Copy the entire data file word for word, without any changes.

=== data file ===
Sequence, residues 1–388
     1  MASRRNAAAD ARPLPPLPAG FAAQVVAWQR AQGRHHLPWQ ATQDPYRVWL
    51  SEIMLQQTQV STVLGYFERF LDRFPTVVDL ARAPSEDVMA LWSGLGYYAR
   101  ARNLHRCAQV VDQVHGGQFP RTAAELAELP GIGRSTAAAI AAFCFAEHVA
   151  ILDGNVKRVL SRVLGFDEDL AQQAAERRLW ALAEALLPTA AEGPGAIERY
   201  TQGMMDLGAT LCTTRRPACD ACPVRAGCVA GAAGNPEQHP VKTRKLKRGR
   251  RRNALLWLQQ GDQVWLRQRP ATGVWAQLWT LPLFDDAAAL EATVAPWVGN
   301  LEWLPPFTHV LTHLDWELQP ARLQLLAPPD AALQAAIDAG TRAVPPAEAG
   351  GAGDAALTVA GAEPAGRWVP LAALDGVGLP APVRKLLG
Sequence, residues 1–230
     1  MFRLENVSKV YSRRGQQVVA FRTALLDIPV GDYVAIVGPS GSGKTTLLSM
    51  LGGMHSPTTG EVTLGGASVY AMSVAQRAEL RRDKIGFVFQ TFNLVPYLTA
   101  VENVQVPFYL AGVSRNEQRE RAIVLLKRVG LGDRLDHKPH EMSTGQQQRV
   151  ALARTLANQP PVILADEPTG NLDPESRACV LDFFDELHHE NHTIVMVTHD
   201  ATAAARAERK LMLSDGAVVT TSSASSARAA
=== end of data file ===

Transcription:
Sequence, residues 1–388
     1  MASRRNAAAD ARPLPPLPAG FAAQVVAWQR AQGRHHLPWQ ATQDPYRVWL
    51  SEIMLQQTQV STVLGYFERF LDRFPTVVDL ARAPSEDVMA LWSGLGYYAR
   101  ARNLHRCAQV VDQVHGGQFP RTAAELAELP GIGRSTAAAI AAFCFAEHVA
   151  ILDGNVKRVL SRVLGFDEDL AQQAAERRLW ALAEALLPTA AEGPGAIERY
   201  TQGMMDLGAT LCTTRRPACD ACPVRAGCVA GAAGNPEQHP VKTRKLKRGR
   251  RRNALLWLQQ GDQVWLRQRP ATGVWAQLWT LPLFDDAAAL EATVAPWVGN
   301  LEWLPPFTHV LTHLDWELQP ARLQLLAPPD AALQAAIDAG TRAVPPAEAG
   351  GAGDAALTVA GAEPAGRWVP LAALDGVGLP APVRKLLG
Sequence, residues 1–230
     1  MFRLENVSKV YSRRGQQVVA FRTALLDIPV GDYVAIVGPS GSGKTTLLSM
    51  LGGMHSPTTG EVTLGGASVY AMSVAQRAEL RRDKIGFVFQ TFNLVPYLTA
   101  VENVQVPFYL AGVSRNEQRE RAIVLLKRVG LGDRLDHKPH EMSTGQQQRV
   151  ALARTLANQP PVILADEPTG NLDPESRACV LDFFDELHHE NHTIVMVTHD
   201  ATAAARAERK LMLSDGAVVT TSSASSARAA